Luminescent, baton-shaped hour markers emanate from the chapter ring and project over the date disc below. Gracing the inner flange, maritime pennants also mark each hour.
Most notably, beneath the hour and minutes display, the movement is openly shown. I will discuss this in more detail later.
The wearer can see through the watch from front to back, but placed against the arm, I did not readily see my hirsute arms. I am pleased this is the case as some skeletonised watches, once placed upon my arm, accentuate the neanderthal-like wrists, something I find rather unsightly.
Bonded to the underside of the sapphire crystal is the brand’s name and logo. They appear to float above the movement.
The case is constructed of titanium grade 5, reinforcing the sense of modernity. It measures 45mm in diameter and has a case height of 13.30mm. There is no doubt this is a substantial timepiece, but in reality it does not seem quite as large as stated on the specification sheet and is comfortable to wear. The design masterfully plays with different forms, mitigating the sense of scale. The bezel consists of 12 facets.
The case band, to the left hand side of the watch, consists of two planes which convene at a point adjacent 9 o’clock. By contrast the right hand side of the watch appears more curved because the black PVD coated crown protectors interface with the case band in such a way as to create arc-like angles. These subtle design elements create a particularly interesting and attractive aesthetic.
Corum has expended much effort on several small details. The crown is attractive with two rows of rectangular shaped grips, providing ease of adjustment and much eye-appeal. The judicious pairing of satin and polished surfaces on the case works very well.
The case back of the Corum Admirals Cup AC-One 45 Squelette features a sapphire crystal according a view of the beautiful mind within. Interestingly, despite the profound good looks of this watch and delicate craftsmanship, it still remains very practical with a maximum water resistance of 300m.
The self-winding CO 082 movement is the star of the show. It openly shows its motives with the gear train visible. I particularly appreciate the sight of the exposed mainspring sans barrel cover. This is a watch which invites curious pupils to explore its form.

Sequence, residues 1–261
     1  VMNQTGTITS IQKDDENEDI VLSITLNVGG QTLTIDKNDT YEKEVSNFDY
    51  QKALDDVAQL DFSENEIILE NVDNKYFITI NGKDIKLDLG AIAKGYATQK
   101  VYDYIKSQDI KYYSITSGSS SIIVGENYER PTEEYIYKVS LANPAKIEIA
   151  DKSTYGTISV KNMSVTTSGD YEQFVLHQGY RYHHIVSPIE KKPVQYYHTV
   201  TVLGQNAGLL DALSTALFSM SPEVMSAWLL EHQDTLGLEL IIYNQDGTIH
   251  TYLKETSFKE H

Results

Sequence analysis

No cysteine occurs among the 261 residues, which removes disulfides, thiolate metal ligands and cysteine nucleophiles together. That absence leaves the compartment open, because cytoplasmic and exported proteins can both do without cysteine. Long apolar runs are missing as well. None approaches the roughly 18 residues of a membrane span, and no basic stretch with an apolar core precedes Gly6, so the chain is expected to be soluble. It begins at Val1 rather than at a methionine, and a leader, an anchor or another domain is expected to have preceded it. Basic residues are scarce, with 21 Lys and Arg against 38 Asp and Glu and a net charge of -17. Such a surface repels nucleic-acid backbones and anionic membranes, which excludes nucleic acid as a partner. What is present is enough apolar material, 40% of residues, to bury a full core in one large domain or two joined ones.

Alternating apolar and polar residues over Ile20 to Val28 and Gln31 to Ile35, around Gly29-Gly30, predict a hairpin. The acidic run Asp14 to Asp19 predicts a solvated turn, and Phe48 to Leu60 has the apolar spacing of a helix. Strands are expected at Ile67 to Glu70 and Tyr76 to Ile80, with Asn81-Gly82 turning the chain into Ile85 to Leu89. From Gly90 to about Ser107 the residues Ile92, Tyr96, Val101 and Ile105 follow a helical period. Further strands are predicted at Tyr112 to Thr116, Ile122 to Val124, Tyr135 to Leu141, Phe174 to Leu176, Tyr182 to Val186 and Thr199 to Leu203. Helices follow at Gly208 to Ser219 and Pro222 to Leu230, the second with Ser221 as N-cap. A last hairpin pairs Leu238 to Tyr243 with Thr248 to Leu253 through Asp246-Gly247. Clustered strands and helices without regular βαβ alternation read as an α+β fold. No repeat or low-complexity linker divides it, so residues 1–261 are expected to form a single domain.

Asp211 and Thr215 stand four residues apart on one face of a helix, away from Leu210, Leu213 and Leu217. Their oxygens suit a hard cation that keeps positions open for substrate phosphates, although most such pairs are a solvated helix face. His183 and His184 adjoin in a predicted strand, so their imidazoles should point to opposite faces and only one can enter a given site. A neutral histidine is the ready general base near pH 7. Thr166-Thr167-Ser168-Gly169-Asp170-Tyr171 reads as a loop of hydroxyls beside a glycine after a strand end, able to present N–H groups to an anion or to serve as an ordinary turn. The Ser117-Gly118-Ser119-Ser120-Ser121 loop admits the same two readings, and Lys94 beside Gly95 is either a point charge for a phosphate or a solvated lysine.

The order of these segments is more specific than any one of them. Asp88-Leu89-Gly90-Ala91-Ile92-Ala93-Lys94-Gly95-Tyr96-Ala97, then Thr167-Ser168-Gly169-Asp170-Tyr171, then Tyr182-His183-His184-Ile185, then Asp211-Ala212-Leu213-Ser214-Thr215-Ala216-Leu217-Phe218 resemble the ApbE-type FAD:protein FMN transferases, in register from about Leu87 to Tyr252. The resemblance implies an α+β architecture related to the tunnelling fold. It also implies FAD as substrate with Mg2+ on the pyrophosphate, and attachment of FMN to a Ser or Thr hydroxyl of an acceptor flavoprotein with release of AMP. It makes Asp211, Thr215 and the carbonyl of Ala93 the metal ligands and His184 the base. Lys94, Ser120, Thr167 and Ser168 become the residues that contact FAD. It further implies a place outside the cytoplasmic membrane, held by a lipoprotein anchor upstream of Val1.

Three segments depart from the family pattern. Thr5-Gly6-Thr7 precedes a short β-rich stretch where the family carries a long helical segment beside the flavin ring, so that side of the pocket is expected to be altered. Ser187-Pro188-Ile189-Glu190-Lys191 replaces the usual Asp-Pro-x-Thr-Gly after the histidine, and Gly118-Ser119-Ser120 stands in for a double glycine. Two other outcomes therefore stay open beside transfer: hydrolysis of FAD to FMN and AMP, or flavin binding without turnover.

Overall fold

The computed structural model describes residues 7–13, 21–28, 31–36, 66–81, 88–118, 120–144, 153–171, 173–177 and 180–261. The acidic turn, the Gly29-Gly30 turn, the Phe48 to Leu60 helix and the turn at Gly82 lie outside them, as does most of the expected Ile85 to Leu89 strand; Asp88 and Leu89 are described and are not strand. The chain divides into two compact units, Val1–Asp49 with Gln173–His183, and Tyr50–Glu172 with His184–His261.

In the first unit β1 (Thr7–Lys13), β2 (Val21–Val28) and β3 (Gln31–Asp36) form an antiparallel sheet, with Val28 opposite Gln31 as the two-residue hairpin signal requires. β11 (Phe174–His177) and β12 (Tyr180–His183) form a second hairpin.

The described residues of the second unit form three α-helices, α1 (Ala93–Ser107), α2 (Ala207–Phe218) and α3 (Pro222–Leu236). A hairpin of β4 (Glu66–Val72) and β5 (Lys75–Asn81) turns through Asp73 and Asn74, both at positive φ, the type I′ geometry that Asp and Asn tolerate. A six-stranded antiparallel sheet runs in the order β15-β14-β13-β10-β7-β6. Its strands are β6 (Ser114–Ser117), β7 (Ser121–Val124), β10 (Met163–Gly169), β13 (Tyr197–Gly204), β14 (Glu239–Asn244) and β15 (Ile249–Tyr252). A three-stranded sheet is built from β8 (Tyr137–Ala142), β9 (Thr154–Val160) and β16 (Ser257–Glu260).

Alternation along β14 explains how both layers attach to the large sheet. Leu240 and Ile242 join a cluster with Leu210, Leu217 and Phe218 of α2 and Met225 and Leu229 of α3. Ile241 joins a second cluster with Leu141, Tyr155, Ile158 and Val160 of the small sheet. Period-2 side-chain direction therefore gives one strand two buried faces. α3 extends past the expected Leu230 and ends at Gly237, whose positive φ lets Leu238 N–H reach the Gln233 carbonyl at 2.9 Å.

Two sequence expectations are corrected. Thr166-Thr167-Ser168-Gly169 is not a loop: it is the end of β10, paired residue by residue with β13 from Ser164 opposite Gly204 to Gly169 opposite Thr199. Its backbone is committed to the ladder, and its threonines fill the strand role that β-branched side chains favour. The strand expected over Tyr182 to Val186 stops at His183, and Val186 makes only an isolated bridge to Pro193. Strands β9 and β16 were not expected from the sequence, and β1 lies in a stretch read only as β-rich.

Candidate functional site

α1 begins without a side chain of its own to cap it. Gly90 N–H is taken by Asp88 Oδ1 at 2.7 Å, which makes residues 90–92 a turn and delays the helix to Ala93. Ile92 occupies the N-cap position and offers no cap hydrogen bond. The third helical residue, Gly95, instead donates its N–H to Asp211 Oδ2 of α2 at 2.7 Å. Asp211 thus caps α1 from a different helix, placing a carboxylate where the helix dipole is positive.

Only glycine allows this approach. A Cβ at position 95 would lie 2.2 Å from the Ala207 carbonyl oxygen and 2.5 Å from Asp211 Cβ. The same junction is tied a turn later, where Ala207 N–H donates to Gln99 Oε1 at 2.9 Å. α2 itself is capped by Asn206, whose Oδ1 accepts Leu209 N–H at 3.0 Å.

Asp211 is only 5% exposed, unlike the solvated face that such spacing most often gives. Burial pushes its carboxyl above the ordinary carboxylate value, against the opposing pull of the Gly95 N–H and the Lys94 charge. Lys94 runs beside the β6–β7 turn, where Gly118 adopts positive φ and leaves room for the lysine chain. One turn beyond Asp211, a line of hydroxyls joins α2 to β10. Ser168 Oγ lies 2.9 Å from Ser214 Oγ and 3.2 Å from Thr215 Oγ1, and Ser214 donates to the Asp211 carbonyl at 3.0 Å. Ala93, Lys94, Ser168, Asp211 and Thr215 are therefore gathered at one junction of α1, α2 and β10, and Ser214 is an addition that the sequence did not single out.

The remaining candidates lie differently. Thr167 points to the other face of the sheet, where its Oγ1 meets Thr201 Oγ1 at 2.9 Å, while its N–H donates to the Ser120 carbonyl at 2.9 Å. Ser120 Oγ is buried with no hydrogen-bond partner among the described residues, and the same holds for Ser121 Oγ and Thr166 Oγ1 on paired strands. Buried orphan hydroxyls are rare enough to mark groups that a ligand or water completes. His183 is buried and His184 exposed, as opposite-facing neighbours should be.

The oscillating mass is grey and open-worked, revealing more of the movement below. It exudes a modern appearance.
The bridges also exhibit a neoteric air, formed into shapes sympathetic to the profile of the bezel. They include sharp edges, produced using spark erosion techniques, and feature a dark grey finish. The intention of the designer was to deliver contrast with the gilded wheels, something it has evidently achieved.
Admiring the movement from the rear of the watch, I like the view of the numerals on the date disc. They deliver an intriguing appearance with their form delivered in reverse. The vista causes one to study the numbers and appreciate their profile.
Whilst I like traditional finissage, I do like the appearance of this movement. It is contemporary and innovative.
In the past, I have not always liked every model bearing the Corum nomen but in this instance, I see much appeal in the Corum Admirals Cup AC-One 45 Squelette.
The open-worked design invites the wearer to explore each element of its composition. Invariably, I find myself using words such as “modern”,“contemporary” and “neoteric” to describe elements of its make-up. This is a harmonious design and one which, I personally, find very attractive.
Rest assured, you do not have to be a mathematical genius to see the many numbers depicted on the Corum Admirals Cup AC-One 45 Squelette. Indeed, I for one understand this watch, appreciate its appeal and applaud its innovative design language.
- Model: Corum Admirals Cup AC-One 45 Squelette
- Reference: A082/02336-082.401.04/0F01 FH10
- Case: Titanium grade 5; diameter 45 mm; height 13.30 mm; water resistant to 30 bar (300 metres); sapphire crystal to front and caseback.
- Functions: Hours; minutes; central sweep seconds; date.
- Movement: Calibre C0 082, self-winding movement; frequency 28,800 vph (4 Hz); 27 jewels; power reserve 42 hours.
- Strap: Black crocodile leather strap supplied on a triple folding clasp.
- Price: £8725 (RRP as at 10.9.2014)